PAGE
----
Strong house price growth recorded in almost all parts of the country last month, the Real Estate Institute of New Zealand's House Price Index shows

Strong house price growth recorded in almost all parts of the country last month, the Real Estate Institute of New Zealand's House Price Index shows

The housing market remained robust in February, with the Real Estate Institute of New Zealand's House Price Index (HPI) showing a significant jump in prices in most parts of the country..

The HPI allows for differences in the composition of sales by property type from month to month, so is a more reliable indicator of overall movements in residential property prices than averages or medians, although the REINZ's median prices in February were also firm.

The HPI for the whole of New Zealand was up 3.1% in February compared to January, which means it's now 8.7% ahead of where it was 12 months ago.

The figures also suggest that the Auckland market has shaken off its recent lethargy, with the HPI for Auckland up 3.9% in February compared to January, while the HPI for the rest of the country excluding Auckland was up just 2.4%.

The strongest price gains in Auckland were in its two most expensive districts, the North Shore where the HPI was up 4.0% compared to January, and Auckland Central which includes upmarket suburbs such as Remuera, St Heliers, Parnell, Epsom, Mt Eden, Ponsonby, and Herne Bay, where the HPI was up 6.1% compared to January.

The price rise was more modest in the more affordable districts, with the HPI up 1.9% in Manukau in February, while Papakura was the only district in Auckland to record a decline with the HPI down just 0.1%.

There were also very strong price rises in Rotorua where the HPI was up 7.9% in February compared to January, and in Lower Hutt where it was up 6.1%.

Apart from Papakura, the only districts to records falls in the HPI in February compared to January were Porirua  down 2.1%, and Upper Hutt down 0.7%. (See the HPI movements for all districts in the table below).

However the world's financial markets are changing rapidly and it would be naive to think that the property market will remain immune to a significant economic downturn.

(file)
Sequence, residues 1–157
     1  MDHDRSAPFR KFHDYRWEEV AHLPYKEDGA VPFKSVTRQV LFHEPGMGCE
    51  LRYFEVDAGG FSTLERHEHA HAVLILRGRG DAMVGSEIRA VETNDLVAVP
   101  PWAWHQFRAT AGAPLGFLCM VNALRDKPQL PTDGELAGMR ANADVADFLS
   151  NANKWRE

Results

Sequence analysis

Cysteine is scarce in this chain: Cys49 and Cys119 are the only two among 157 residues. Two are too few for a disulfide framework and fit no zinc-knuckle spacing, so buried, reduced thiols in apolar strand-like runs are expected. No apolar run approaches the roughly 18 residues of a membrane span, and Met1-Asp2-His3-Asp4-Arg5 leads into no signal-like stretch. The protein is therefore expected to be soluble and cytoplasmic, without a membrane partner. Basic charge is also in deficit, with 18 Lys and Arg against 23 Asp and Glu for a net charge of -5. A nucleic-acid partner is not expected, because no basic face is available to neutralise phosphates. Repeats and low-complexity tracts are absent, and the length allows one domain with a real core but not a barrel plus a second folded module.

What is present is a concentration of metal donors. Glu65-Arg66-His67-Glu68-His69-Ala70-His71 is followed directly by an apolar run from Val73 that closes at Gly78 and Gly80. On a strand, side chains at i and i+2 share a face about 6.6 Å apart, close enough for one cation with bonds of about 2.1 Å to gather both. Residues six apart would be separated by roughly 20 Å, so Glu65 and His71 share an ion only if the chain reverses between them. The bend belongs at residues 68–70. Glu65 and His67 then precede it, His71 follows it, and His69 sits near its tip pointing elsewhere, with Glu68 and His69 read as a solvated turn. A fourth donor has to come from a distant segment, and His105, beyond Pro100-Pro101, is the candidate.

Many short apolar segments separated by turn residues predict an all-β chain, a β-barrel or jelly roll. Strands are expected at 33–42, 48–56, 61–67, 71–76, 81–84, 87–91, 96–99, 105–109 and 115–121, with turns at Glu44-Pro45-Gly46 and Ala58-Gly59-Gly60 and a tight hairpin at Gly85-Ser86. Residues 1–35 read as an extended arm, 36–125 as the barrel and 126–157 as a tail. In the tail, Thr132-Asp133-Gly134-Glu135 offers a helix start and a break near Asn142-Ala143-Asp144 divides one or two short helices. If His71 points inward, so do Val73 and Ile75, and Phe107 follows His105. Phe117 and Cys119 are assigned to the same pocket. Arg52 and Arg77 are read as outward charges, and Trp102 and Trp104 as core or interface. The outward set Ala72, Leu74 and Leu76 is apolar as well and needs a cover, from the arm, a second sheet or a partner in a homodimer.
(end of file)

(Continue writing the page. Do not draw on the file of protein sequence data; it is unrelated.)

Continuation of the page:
It is still too early to say how badly it may be affected but for the time being at least, the current data suggests that while the share market may be feeling the ill-effects of coronavirus, the property market remains in rude good health.

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REINZ House Price Index - February 2020

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Gosh, these latest house price increases are nothing short of remarkable - even Auckland!

But, as I've been cautioning for several weeks now, the housing market does seem likely to slow down a bit on the back of the dastardly Covid-19 virus.

I reckon we're now in for a period of uncertainty - of unknown length......

Health (personal and public) will be people's main concern - with housing taking a back seat for a while.

Those whose asset portfolios are weighted toward property and away from shares will be feeling relieved........

Let's hope the banks won't be tested too much - because that's where my (meagre) savings are deposited. (-;

TTP

Doesn't surprise me TTP that you are overweight in NZD. Good luck to you.

17
up

TTP, you've been pretty bullish on NZ property during the past year and before. The virus, and the crash in oil, are only catalysts for what's now going on in international markets, not the cause. Amazing that the Fed has been injecting hundreds of billions into the system to try to keep it afloat and money flowing, and they'll do a lot more. But it's not working now. Watch for a likely credit crunch. I think a reckoning is coming for the NZ property market, much bigger than you think...

1500 billion actually. The house always wins.

11
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It seems unlikely to me that house prices will continue to rise through all this uncertainty. The big difference is, we won't know for a month or two (or longer) whether property is affected. A fantastic asset class for those who want to stick their fingers in their ears and say 'la-la-la' and hope that things blow over.

"Unlikely"
At least you arent one of those who stubbornly claims the sky is falling. There is hope

11
up

If you could stop claiming to be Nostradamus that would be really great.

You reckon we're in for a period of uncertainty?
You reckon?
Well done you, takes a real savant to make that prediction.

You've spent years discounting global macro risks.
Here they are, in a big way, all at once.
And even now you still think this thing will be contained to liquid markets and your tiny little illiquid leveraged market will get away unscathed.

You're deluded.

Most people in NZ are unaware of the financial linkages of global macro developments on NZ and the NZ residential real estate market.

Given that property prices have been a lot less volatile (and mainly going in one direction for the last 50 years) compared to share prices, many property buyers remain confident that property prices will not fall by much. Many have taken on high levels of debt to finance their property purchases, and may be vulnerable to a credit crunch or recession.